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A marriage of convenience

Ahn Cheol-soo and Yoo Seong-min are responsible for marshaling their hopeless parties against all odds.
Nov 23,2017
Ahn Cheol-soo, who ran for president under the People’s Party, and Yoo Seong-min of the Bareun Party have long lost their halo of potential as standard-bearers of a “third way” in Korean politics.

Ahn, after returning from self-imposed exile following his defeat in the May election, said he was determined to achieve the party’s — and his own — resurrection even if he died crossing the endless “desert.” Yoo, who was recently elected to lead the Bareun Party, told his peers that “a warm spring would be waiting once we cross the valley of death.”

The two leaders are responsible for marshaling their hopeless parties against all odds, which is why many pundits believe the two will inevitably join forces. The defeated have to help each other out of the pit.

The scenario of a merger between the People’s Party and Bareun Party was floated once before. The two leaders, however, were negative about the prospects.

But that was when both had aspirations of becoming president. Ahn must fight to build his turf within his party, where liberals from the Honam region are more interested in an alliance with the ruling Democratic Party, of which they used to members. It would be foolish to get involved in a standoff between the ruling party and main opposition Liberty Korea Party over the administration’s campaign against “past ills,” which the conservative Liberty Korea Party sees as a political vendetta. Even if President Moon Jae-in’s popularity wanes, a splinter party would benefit little from the skirmish between the two bigger parties. It must scale up to have its own voice heard.

Yoo, who has been championing unity between centrist and conservative forces, will also have to deliver some results within the year. Since a merger among conservative parties is out of the question, he must somehow find a way to build an alliance with centrist forces to prevent the party from a full breakdown. Liberty Korea Party Chairman Hong Joon-pyo, upon accepting members who deserted the Bareun Party, declared he was “closing the door” to suggest that he would have no more association with the Bareun Party, which was launched by members who bolted from the Liberty Korea Party.

On the Bareun Party’s part, the People’s Party has emerged as its sole partner to stay afloat. From the mood and conditions, Ahn and Yoo will likely come up with a road map for either a merger or alliance for next year’s elections.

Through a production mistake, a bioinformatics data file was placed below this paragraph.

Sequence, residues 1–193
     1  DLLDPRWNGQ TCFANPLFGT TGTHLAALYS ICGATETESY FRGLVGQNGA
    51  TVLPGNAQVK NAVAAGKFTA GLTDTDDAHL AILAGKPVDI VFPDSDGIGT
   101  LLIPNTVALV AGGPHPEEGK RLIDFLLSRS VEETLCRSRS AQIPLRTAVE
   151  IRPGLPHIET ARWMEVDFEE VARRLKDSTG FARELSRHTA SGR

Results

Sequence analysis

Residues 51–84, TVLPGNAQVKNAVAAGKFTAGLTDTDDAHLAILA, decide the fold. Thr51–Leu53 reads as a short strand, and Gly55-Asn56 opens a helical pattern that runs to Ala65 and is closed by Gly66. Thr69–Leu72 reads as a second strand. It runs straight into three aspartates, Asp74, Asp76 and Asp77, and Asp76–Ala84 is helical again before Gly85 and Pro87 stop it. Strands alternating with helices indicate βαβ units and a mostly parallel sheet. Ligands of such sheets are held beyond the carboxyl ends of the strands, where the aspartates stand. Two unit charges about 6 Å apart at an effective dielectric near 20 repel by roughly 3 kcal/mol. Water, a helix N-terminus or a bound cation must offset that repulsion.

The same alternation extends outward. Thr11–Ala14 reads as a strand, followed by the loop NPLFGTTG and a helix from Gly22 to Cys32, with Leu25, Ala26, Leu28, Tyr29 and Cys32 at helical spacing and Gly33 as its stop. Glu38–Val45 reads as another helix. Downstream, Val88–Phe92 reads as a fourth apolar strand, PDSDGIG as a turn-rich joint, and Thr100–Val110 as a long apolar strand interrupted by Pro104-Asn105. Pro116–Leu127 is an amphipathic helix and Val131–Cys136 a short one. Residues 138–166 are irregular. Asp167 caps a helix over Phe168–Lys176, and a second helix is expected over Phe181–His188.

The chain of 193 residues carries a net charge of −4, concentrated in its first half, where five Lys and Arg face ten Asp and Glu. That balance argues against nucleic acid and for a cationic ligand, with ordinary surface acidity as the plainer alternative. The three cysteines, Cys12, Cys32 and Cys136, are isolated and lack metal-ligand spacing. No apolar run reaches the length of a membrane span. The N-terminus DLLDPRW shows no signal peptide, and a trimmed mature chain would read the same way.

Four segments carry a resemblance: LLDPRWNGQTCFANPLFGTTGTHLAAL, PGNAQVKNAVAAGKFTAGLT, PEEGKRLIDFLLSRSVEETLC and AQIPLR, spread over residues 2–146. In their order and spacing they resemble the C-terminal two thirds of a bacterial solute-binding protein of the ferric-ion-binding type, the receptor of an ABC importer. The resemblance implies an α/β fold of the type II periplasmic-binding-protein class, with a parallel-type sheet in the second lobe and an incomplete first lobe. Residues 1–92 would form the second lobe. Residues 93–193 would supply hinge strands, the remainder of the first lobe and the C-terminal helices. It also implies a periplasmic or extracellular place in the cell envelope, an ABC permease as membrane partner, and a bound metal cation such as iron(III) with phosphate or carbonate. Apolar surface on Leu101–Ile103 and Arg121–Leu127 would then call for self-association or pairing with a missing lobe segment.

However, they lack energy in their pursuit of a breakthrough. Members of their parties are strongly opposed to a merger or alliance. The People’s Party’s Honam lawmakers are pressuring Ahn to team up with the Democratic Party.

Yoo is getting nags from his own members about going back to the Liberty Korea Party. The Bareun Party has lost its negotiation bloc status on the floor after some of its members jumped ship to the LKP. The party is near collapse from a lengthy conflict between those wishing to go back and stay. The voices among conservatives to form a joint front gained ground after the prosecution’s investigation of former President Park Geun-hye extended to her conservative predecessor Lee Myung-bak.

The People’s Party has already split into two. Ahn at least wishes for an alliance with the Bareun Party in next year’s elections and envisions a bigger partnership. But Honam lawmakers entirely seek an alliance with a bigger party for a sure win. They are against a merger with a party with few seats and lacking negotiating status. They also oppose joining a party where the remaining members are mostly aligned with former President Lee. Their political backgrounds and policy stances differ. Even if they do integrate, it would be odd to have two families living under the same roof.

Then there is the question of slim chances of winning the election through an alliance. It is plausible for the second or third candidate to team up to beat the front-runner, or the first and third collaborating in order to cement leadership for the first. But it would not make much of a difference in the election dynamics when the third and fourth join forces.

Next year’s elections are being held nearly a year after the snap election in May. Park’s trial won’t be finished by then, and Moon’s strong approval ratings won’t suddenly plummet. There are just two governors from the Bareun Party, but it remains uncertain whether they can get re-elected.

The two leaders still have hopes of teaming up because of the potential synergy effect. Recent People’s Party polls show that its approval rating will go up to 19 percent if it merges with the Bareun Party. A recent debate among members only underscores how divided the party is about its direction. It would be reckless to push ahead with a merger when half of its members oppose.

But Ahn will not have a political future if he settles with pleasing Honam lawmakers, and Yoo is in a hurry to come up with a viable solution before the party becomes an empty ship. A third party has hardly survived in Korean politics. None lasted long because they did not work hard to stay afloat. The cause of forming a third way remains intact. It is the only way for the country to finally grow out of its regionalism.

Politics is the art of mixing cause and practicality. Strong leadership can make it work. For the two leaders, there is no other way and not much time left. Shepherds must not waver if they wish to take their herds safely to their destination.

JoongAng Ibo, Nov. 22, Page 32

*The author is an editorial writer for the JoongAng Ilbo.

Choi Sang-yeon